Sustainable Community Development Lecture Series: "Our Built Environment"

Date : Monday, 18 February 2013
Time : 7:00 pm.
Location : Geneva Room
Category : On-Campus Events

On Monday, Feb. 18, the Finger Lakes Institute will host "Our Built Environment," an event in their Sustainable Community Development Lecture Series from 7 - 8:30 p.m. in the Geneva Room.

Presenters include Susan Cosentini and Michael Governale.

This event is free and open to the public.

Come to find out how we can improve our social capacity of our communities and the means by which we build transportation networks for larger communities. Presentations and discussion will focus on two regional efforts to reimagine our built environment, both past and present. These presentations will challenge our conceptions of what a neighborhood and community are, while also assessing our past attempts to connect people from different neighborhoods.

Susan Cosentini is a carpenter and general contractor of 30 years, and passionate about the environment and playing outside for longer than that; Cosentini launched New Earth Living in 2009, turning a vacant lot next to her home into a 4 unit small urban eco-village. Forming the pilot community for a new type of land development.

New Earth Living LLC is a community oriented development company that has brought together the best practices of sustainability, co-housing, and in-fill development to create a replicable urban real estate development model called The Pocket Neighborhood. The Pocket Neighborhood focuses on core issues, which must be addressed in the creation of a sustainable future. Among them are the needs for the preservation of arable land and natural spaces, energy independence, local food production, intentional water conservation, and to fulfill a social need to be connected and supported, in a meaningful, engaging environment. The structures are built using the German Passivhaus technology using a proprietary building assembly to achieve ultra-energy efficiency, with a goal of carbon neutrality.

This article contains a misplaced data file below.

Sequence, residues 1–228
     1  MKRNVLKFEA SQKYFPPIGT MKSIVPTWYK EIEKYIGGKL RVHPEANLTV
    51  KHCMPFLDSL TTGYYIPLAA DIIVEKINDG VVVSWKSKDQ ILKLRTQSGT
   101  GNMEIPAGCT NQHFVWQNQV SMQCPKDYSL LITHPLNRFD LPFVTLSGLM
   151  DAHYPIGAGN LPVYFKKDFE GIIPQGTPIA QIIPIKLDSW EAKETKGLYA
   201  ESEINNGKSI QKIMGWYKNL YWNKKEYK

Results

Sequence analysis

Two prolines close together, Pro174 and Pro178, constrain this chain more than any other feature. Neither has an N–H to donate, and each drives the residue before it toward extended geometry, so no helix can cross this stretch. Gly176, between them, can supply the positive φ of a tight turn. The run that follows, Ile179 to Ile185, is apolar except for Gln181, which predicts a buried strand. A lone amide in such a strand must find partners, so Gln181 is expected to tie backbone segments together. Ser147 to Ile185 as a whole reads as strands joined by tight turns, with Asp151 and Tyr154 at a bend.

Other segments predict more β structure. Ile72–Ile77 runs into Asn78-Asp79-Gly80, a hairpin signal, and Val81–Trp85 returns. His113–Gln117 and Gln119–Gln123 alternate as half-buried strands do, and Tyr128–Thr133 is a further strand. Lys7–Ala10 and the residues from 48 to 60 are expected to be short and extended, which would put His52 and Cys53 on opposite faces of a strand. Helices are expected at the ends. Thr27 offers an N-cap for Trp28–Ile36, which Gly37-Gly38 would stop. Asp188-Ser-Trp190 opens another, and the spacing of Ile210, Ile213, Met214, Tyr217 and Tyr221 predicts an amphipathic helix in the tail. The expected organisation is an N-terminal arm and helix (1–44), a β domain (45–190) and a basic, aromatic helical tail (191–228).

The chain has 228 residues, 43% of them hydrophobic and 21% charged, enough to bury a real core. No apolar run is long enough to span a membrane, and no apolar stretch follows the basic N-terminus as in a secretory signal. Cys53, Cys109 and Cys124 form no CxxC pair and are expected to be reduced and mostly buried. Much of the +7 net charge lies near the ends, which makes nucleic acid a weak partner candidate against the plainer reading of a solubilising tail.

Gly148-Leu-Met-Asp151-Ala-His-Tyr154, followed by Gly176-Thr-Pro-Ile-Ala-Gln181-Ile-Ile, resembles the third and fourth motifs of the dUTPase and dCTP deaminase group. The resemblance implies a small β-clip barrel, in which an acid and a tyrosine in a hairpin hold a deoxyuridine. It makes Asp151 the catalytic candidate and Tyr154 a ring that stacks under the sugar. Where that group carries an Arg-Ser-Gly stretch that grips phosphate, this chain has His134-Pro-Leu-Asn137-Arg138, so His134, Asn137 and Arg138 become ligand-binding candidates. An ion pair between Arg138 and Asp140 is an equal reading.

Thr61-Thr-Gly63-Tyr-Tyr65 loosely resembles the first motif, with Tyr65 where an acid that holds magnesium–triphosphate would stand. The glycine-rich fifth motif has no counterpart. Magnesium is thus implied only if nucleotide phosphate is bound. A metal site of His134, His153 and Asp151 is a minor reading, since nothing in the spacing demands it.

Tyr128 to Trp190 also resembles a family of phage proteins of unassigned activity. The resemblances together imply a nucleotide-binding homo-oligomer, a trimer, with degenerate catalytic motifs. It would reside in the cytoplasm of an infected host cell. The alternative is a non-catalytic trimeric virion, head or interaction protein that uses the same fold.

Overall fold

Michael Governale is an Interactive Art Director at Partners and Napier, a Rochester-based advertising agency. Governale moved to Rochester from Long Island to study illustration at RIT. After childlike curiosity led him to design a map of Rochester's abandoned subway system, he began digging deeper into Rochester's past. He now shares “local history and new ideas” on his blog, RochesterSubway.com.

Governale considers transportation alternatives central to civic progress and, in 2010, founded a transit advocacy group called Reconnect Rochester. He also serves on the board of directors at Friends of the GardenAerial, a non-profit organization working to convert pre-existing industrial structures and trails along the Genesee River Gorge at High Falls into a multi-use, public green space.

Governale is an admirer of great architecture. He volunteers with the Landmark Society of Western NY, the Rochester Community Design Center, and he writes a column on local architecture for a new Rochester-regional magazine called "585."